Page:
LG [31:26] You know, facing the overwhelming repression of both the Colombian security forces and, more problematically, even, the paramilitaries that were aligned with the security forces and who carried out the unsavory aspects of fighting a dirty war, in a way that allowed the security forces to deny any responsibility or accountability. Because of this incredibly dire situation in Colombia, this had moved the union to reach out internationally, in the hope that international pressure could force the Colombian government to back off. And that was their understanding.
SJ [32:08] SINALTRAINAL started working to build horizontal alliances with other groups, in the hopes that widespread solidarity would build a broad base of opposition to the Colombian state in particular, and neoliberal capitalism in general. In 2001, a U.S.-based legal team charged the Coca-Cola Company with gross human rights violations in Colombia. But the lawsuit was just one tactic among many. Also in the early 2000s, organizer Ray Rogers started the “Campaign to Stop Killer Coke.” You might remember it: manipulated Coca-Cola logos dripping blood in its trademark red; slogans like “The Drink That Represses” and “Murder—It’s The Real Thing.”
LG [32:47] But I think the way the campaign developed in the United States was really around consumption, about not consuming Coca-Cola products and kicking Coca-Cola off campus—which happened in a couple of notable cases. And it became—it kind of operated on a separate track than what the labor struggle was about in Colombia.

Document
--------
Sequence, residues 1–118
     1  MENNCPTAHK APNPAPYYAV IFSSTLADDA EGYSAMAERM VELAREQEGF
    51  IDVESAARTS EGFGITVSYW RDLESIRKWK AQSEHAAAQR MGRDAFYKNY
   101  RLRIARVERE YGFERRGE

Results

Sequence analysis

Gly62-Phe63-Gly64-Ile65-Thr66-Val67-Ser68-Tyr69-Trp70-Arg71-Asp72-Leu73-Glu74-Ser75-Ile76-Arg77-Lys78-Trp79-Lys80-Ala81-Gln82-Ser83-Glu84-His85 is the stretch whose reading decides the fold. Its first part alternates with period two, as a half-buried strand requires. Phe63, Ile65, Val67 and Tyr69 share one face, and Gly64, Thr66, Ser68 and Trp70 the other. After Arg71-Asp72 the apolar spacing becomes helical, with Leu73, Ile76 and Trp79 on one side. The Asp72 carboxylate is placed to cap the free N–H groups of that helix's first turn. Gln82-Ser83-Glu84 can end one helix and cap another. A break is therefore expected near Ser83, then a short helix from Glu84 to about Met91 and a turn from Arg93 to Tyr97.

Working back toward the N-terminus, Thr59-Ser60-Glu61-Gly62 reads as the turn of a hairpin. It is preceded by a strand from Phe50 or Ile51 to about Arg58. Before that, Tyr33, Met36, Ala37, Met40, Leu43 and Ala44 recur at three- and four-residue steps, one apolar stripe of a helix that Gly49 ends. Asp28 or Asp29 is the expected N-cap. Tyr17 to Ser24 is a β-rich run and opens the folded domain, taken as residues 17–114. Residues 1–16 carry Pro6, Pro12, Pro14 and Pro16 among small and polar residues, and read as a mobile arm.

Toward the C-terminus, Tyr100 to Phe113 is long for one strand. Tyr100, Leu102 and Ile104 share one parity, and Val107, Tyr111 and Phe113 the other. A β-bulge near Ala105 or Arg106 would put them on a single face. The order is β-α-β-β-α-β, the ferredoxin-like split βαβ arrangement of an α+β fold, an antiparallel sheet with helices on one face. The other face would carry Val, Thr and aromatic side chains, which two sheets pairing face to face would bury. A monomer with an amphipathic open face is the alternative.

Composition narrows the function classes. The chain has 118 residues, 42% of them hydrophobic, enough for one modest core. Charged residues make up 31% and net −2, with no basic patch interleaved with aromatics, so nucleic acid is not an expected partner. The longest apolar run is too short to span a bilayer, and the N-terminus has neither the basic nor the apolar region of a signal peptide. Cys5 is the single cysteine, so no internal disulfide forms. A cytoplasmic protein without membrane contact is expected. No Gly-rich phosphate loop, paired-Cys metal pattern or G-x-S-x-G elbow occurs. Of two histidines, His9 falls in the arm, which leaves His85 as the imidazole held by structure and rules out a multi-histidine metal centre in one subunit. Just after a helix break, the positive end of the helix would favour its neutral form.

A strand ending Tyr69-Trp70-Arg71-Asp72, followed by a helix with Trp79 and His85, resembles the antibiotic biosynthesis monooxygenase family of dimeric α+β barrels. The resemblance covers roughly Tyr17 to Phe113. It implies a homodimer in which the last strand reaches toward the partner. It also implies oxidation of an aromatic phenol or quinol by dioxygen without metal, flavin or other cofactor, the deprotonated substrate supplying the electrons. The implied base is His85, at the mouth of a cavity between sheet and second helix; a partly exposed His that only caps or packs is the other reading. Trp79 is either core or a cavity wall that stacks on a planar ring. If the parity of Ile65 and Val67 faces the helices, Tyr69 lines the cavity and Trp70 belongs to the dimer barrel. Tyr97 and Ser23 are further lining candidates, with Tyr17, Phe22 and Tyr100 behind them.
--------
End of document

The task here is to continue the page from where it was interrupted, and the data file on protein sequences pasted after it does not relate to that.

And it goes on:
SJ [33:10] Activists in the U.S. and Colombia saw their solidarity effort in different terms: anti-corporatism versus a broader anti-capitalism. For Professor Gill, that’s at least in part because the activists came from different worlds.
LG [33:23] It was a very diverse coalition: Colombian trade unionists who had come up in, you know, in a very leftist political culture in Colombia, and who were facing incredible repression in Colombia in the late ’90s and the early twenty-first century—and who still face it today. And then a lot of activists in the United States, who were primarily students—middle-class students at universities—but also there were some key lawyers who were involved, and—I’m not sure how you’d describe Rogers—the individual who had really started the whole notion of a corporate campaign.
SJ [34:06] I did want to ask you a little bit about what success looks like? These Colombian workers had a different notion of success based on their own context from what their U.S.-based legal team thought of success as.
LG [34:20] Yeah, I think that, you know, the legal team thought that success was going to be getting as big a settlement as possible from Coca-Cola. The union leaders didn’t see that as a success. They actually saw that as possibly making them more vulnerable in Colombia: vulnerable to extortion, vulnerable to the criticisms of other unions. So they, you know, they had a lot of concerns—and the campaign against Coca-Cola was not supported in Colombia by other unions. It wasn’t supported basically because what was happening to Coca-Cola workers was happening to all unions. And to some unions even worse. Like, the oil workers union in the town that I worked in was hit even harder. They felt that there was all this attention to Coca-Cola just because it was a global brand that everybody recognized, whereas the Colombian oil industry wasn’t as sexy internationally. So there wasn’t a lot of local support for the campaign.